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President Obama has been trying to change the fact that nearly 1.8 million working people, most of them women and many of them people of color, are excluded from minimum wage and overtime protections because they are home care workers. Now, Senate Republicans are trying to block these workers, close to 40 percent of whom are paid so little that they rely on Medicaid or food stamps despite doing an essential job, from getting paid minimum wage or overtime.

Remember that a full-time minimum wage worker makes just $15,080 a year. Home care workers in most states aren't required to be paid that. And that's how Senate Republicans want to keep it:

Sens. Mike Johanns, R-Neb., and Lamar Alexander, R-Tenn., along with 11 other lawmakers, introduced a bill known as the Companionship Exemption Protection Act, to amend the Fair Labor Standards Act to preserve the current state of the law's so-called companionship services exemption.
The exemption was created under the assumption that in-home "companions" were very part-time babysitters and the like, not the full-time, medical services-providing workers to whom Obama is trying to extend the most wage basic protections the United States has to offer. "As the homecare business has changed over the years, the law hasn’t changed to keep up," Obama noted in introducing his push:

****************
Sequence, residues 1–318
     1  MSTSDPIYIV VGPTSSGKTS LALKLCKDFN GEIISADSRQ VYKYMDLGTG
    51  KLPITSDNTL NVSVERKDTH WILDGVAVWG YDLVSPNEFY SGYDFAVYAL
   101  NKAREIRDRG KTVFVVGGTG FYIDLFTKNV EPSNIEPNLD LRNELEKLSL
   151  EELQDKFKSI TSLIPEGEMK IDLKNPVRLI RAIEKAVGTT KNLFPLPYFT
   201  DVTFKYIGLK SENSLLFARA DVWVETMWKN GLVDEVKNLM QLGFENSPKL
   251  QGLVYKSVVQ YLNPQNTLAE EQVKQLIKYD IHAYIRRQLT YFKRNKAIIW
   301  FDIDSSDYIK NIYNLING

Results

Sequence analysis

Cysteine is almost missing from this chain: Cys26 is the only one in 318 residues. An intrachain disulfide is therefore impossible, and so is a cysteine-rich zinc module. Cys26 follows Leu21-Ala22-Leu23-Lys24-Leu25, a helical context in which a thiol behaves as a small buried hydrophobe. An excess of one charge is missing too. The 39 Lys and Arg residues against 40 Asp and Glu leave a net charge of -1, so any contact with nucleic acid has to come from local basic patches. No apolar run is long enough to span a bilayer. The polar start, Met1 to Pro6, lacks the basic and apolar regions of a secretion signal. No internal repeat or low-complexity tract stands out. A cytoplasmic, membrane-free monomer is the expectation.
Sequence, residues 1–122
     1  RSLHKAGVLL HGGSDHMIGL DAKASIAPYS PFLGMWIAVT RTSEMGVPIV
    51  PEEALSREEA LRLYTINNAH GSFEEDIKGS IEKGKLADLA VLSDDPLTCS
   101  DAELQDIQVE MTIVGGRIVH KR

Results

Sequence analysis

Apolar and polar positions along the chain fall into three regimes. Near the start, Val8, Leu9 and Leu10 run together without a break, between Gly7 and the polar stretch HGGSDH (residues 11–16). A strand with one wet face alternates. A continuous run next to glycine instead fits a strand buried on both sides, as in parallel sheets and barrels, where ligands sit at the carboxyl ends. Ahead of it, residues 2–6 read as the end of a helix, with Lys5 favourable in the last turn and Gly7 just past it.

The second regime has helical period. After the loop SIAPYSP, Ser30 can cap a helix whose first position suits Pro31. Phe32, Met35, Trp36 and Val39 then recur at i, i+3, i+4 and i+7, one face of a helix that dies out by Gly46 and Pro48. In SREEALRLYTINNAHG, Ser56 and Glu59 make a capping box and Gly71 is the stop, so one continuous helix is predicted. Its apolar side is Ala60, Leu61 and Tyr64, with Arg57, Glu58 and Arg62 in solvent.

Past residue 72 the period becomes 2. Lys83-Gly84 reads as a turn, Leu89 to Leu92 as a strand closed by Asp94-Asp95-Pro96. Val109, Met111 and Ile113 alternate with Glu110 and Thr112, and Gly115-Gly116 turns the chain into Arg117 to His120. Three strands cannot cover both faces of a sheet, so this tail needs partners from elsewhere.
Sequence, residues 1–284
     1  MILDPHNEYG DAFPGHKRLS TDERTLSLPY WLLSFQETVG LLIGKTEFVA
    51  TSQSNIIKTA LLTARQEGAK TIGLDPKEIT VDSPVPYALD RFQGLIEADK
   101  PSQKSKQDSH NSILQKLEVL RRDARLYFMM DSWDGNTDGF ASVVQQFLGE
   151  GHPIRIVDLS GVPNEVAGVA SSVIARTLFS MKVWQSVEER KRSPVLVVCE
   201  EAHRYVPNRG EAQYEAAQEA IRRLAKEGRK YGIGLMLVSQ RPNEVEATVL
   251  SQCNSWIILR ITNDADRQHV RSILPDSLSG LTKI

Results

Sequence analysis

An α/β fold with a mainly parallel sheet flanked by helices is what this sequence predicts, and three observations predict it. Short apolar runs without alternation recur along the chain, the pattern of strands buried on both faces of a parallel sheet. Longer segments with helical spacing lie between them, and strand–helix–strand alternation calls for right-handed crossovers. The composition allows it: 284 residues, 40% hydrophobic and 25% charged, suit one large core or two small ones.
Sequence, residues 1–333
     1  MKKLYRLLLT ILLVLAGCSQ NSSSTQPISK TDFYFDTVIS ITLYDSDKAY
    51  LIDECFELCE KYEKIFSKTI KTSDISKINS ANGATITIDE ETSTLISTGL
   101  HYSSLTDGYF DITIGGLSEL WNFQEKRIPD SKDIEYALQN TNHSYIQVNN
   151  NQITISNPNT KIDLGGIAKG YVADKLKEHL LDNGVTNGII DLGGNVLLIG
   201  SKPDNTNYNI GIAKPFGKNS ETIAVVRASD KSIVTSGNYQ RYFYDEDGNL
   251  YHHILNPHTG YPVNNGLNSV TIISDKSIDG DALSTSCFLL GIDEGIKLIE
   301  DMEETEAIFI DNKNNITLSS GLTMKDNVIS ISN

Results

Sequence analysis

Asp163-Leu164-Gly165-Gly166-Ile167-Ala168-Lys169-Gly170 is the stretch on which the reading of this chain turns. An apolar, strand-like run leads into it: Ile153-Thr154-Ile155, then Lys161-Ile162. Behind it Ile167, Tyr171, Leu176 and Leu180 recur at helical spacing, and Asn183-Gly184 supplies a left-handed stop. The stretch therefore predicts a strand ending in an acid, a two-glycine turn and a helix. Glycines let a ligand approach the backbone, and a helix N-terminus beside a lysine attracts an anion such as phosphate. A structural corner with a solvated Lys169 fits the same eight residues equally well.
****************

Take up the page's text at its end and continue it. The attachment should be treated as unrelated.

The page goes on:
So even though workers like Pauline do everything from bathing to cooking, they’re still lumped in the same category as teenage babysitters when it comes to how much they make. That means employers are allowed to pay these workers less than minimum wage with no overtime. That’s right—you can wake up at 5:00 in the morning, care for somebody every minute of the day, take the late bus home at night, and still make less than the minimum wage.
It's no surprise Senate Republicans want to keep things that way.

(Via)

Originally posted to Daily Kos Labor on Wed Jun 13, 2012 at 08:20 AM PDT.

Also republished by Global Expats, In Support of Labor and Unions, and Daily Kos.

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Comment Preferences

  •  Dang the Repubs are stupid. (12+ / 0-)

    Don't they know most home care workers are women and women vote?

    We need to get the word out. Home Care Workers may not be plugged into politics, but they are nowhere near stupid.

    I used to be Snow White. And then I drifted. - Mae West

    by CherryTheTart on Wed Jun 13, 2012 at 08:33:25 AM PDT

  •  Laura, the link to the Law360 article is behind a (1+ / 0-)
    Recommended by:
    JanL

    subscription-only firewall.

    Can you provide a link that does not require subscribing?

    Thanks.

    That's one more thing to add to my long list of small problems. --my son, age 10

    by concernedamerican on Wed Jun 13, 2012 at 08:42:38 AM PDT